Top Ten Songs by Ben Folds

Coming from North Carolina, Ben Folds has established himself as the premier name in piano pop over the last decade. His work – both with his earlier band Ben Folds Five and his later solo career – ranges from the downright quirky (Narcolepsy, One Angry Dwarf, Uncle Walter) to the satirical (Underground) to the anthemic (Army) to straight pop (Rockin’ the Suburbs) to sincere panagyrics written for loved ones (Gracie, The Luckiest). Folds’ amazing versatiliy with song types makes him a great songwriter, but the man can also play a fierce piano. His breathtaking fills, exuberant nature, and tendency to involve a crowd in his songs (such as having the audience fill in the trumpet part on Army), make him an excellent choice to see in concert. What follows are the ten best Ben Folds songs, both from his work with Robert Sledge and Darren Jesse and the later songs from his solo career. I’ve written these in chronological order, because I’ll be darned if I have to choose a number 1.

Philosophy – Album: Ben Folds Five – 1995. Philosophy is the second track on Ben Folds Five’s self-titled debut album. The opening track is an excellent but gritty and rollicking piece called Jackson Cannery. As soon as the song ends, the opening piano solo to Philosophy rings out, and words cannot do it justice. The harsh production of the previous song heightens the melodic, smooth, and positive nature of one of the best piano riffs ever written, and that’s no exageration. Though it may not have recieved airtime, I swear that if one heard 100 new songs in a day, and one of them was Philosophy, at the end they’d remember the main piano theme from that song over anything else they heard. It’s uplifting, well-played, and unlike a lot of solos, goes perfectly with the lyrics and chords that follow it, no matter how quirky they are.

Where’s Summer B? – Album: Ben Folds Five -1995. Where’s Summer B? is the fourth song on the album Ben Folds Five, and itmight have the catchiest chord structure and chorus in their catalog. Much of Folds’ inspiration and lyrics are based in his personal life, and Where’s Summer B? is no exception, being about a friend of his who apparently just packed up and left one day. The song is also about how things can change in an area or a group really quickly, which hits a solid chord with a lot of college-aged listeners. The piano chords Ben plays to harmonize this message and the echoed backup vocals could not be any better.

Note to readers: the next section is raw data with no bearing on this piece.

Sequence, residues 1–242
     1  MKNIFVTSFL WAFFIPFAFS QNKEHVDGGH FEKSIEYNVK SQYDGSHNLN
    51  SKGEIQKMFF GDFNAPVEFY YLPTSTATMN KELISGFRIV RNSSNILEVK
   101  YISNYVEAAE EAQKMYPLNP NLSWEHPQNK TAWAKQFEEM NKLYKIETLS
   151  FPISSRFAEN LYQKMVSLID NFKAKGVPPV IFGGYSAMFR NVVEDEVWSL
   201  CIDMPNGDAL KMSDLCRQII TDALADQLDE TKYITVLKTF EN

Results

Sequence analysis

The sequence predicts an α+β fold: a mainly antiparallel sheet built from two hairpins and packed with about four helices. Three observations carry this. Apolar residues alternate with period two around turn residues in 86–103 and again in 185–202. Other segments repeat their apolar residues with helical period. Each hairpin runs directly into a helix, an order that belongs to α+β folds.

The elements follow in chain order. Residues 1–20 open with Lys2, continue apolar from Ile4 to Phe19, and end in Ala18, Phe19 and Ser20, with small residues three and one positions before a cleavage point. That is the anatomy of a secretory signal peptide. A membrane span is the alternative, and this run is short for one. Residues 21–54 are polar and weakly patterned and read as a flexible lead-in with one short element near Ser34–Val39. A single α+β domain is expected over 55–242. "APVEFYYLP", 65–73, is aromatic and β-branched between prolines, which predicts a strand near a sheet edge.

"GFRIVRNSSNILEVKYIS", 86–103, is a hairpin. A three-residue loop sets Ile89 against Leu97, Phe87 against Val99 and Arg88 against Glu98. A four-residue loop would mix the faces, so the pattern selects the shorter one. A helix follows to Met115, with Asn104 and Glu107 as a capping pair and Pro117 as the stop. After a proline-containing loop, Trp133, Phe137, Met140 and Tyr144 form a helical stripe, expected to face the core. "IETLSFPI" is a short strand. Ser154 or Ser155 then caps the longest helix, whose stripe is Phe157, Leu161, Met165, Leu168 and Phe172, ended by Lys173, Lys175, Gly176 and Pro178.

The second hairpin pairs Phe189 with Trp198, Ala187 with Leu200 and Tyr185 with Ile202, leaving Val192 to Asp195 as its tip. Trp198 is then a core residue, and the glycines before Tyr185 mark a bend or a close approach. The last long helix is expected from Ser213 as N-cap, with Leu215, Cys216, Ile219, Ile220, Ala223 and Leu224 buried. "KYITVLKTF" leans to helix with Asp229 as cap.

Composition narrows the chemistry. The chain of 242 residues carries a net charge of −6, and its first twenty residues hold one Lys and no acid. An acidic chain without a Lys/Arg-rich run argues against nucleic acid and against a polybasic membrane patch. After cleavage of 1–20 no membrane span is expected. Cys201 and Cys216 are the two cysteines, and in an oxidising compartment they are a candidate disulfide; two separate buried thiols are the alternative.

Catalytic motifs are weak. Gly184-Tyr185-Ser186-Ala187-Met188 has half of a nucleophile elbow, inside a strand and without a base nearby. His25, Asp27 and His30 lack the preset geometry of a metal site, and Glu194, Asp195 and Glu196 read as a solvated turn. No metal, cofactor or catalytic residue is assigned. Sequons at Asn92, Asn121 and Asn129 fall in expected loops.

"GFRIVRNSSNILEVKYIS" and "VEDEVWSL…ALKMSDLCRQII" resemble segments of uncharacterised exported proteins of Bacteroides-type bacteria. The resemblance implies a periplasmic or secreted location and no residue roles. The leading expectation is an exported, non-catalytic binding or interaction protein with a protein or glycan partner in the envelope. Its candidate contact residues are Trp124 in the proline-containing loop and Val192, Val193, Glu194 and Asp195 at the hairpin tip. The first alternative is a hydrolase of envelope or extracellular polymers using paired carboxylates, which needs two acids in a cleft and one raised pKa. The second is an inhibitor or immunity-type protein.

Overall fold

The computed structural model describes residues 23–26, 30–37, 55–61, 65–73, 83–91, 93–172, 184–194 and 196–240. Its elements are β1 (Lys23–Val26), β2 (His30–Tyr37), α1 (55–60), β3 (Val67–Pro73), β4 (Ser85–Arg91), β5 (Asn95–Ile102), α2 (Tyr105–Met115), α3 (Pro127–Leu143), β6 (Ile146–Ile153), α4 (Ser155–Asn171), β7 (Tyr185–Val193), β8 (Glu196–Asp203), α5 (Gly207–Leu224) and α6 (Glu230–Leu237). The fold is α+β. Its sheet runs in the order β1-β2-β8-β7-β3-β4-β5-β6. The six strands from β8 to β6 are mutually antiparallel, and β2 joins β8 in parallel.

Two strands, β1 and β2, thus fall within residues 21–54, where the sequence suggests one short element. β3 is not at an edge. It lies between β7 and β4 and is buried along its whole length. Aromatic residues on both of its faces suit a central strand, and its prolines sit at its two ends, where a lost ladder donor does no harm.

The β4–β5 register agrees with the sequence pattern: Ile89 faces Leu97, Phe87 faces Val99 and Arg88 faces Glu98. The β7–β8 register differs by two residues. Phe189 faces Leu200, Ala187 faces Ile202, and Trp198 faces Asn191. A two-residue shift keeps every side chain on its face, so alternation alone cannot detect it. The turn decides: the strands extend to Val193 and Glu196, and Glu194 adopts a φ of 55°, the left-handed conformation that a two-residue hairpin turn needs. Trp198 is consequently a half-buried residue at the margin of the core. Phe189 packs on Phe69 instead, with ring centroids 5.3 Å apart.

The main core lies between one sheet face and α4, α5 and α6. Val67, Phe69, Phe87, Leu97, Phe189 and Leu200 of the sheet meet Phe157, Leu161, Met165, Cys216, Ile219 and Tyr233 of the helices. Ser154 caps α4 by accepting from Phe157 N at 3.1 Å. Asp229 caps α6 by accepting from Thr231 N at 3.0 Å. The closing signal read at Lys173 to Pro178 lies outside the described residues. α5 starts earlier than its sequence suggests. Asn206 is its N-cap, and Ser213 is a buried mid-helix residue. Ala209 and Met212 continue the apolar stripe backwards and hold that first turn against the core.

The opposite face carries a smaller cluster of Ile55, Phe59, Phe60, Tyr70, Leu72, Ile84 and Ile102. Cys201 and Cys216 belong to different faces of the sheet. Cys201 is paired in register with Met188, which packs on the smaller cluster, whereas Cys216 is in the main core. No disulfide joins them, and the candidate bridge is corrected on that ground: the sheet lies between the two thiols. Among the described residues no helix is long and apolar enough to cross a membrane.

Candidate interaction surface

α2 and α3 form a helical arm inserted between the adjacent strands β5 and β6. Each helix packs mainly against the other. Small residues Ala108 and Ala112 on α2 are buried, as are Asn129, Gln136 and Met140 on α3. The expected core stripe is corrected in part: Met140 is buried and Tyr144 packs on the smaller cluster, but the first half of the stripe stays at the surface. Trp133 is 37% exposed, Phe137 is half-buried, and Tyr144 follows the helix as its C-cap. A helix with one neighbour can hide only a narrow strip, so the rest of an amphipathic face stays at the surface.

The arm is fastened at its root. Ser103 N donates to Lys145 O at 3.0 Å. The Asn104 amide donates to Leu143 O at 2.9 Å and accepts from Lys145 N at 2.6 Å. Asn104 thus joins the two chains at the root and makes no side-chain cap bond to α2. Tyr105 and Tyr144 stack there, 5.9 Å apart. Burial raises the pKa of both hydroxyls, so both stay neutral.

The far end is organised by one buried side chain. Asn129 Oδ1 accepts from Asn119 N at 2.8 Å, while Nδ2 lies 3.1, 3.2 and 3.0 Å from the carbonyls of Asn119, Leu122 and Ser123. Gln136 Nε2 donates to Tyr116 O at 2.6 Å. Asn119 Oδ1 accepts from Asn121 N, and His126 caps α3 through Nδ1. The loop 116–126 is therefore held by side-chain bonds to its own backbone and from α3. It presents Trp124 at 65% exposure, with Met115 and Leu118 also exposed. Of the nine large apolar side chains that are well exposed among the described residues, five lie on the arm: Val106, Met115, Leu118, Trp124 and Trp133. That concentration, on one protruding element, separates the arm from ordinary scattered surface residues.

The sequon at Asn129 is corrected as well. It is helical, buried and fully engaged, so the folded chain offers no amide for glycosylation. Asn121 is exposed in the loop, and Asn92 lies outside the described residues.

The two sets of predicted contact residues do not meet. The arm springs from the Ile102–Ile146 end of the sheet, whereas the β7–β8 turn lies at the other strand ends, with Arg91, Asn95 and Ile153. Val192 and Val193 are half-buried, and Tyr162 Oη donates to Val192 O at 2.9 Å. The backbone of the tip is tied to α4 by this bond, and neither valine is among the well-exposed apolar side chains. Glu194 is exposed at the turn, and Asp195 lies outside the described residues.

Brick – Album: Whatever and Ever Amen – 1997. Brick makes the list solely because it reached number 11 on the Top 40, established the band to a national audience, and helped push Whatever and Ever Amen – the band’s second album – to no. 42. It’s not in my top 20 list of the best Folds songs – nor is it in many fans’, I suspect – but it has to make any “best of” list because of what it did for the band. I will say that the song itself is great, it has a memorable and easy-to-play piano base copied by every piano player who heard the song, and Folds’ vocal care showed the band could play something softer with a lot of heart. Indeed, the song is actually about Folds’ ex-girlfriend getting an abortion; thankfully, in my opinion, more people didn’t catch on to that.

Battle Who Could Care Less – Album: Whatever and Ever Amen – 1997. This song marked the band’s first appearence on regular-play MTV, exposing widespread music fans (including yours truly) to Folds’ piano skills and quirky lyrics. It’s a rocking song to boot, one that seems made to cruise around town in a beat-up used car for those of us averse to bass-heavy rap. And who could argue with lines like I’ve got this great idea / why don’t we pitch it to the Franklin (expletive) Mint. / fine pewter portraits of General Apathy and Major Boredom / singing whatever and ever amen.. What an amazing way to musically sell the concept of the album, and consequently it served as its own best marketing device.

Kate – Album: Whatever and Ever Amen – 1997. To my knowledge, Kate was never released as a single, but it’s a strongpoint on a strong album, in my opinion. It’s an homage to jejune and carefree love that also doubles as a pop rock masterpiece. Unlike most of Ben Folds Five’s stuff, the song is remarkably easy to play – the opening bass lines and the piano chords are a cinch compared to their other work, and it goes perfectly with the song’s content in that it’s a feeling most of us had at some point, an irrational crush. And leave it to Ben to make the crush somewhat disagreeable yet intriguing to mainstream ears: everyday she wears the same thing / I think she smokes pot . Hardly the stuff of Byron or Coleridge, but that’s part of the point.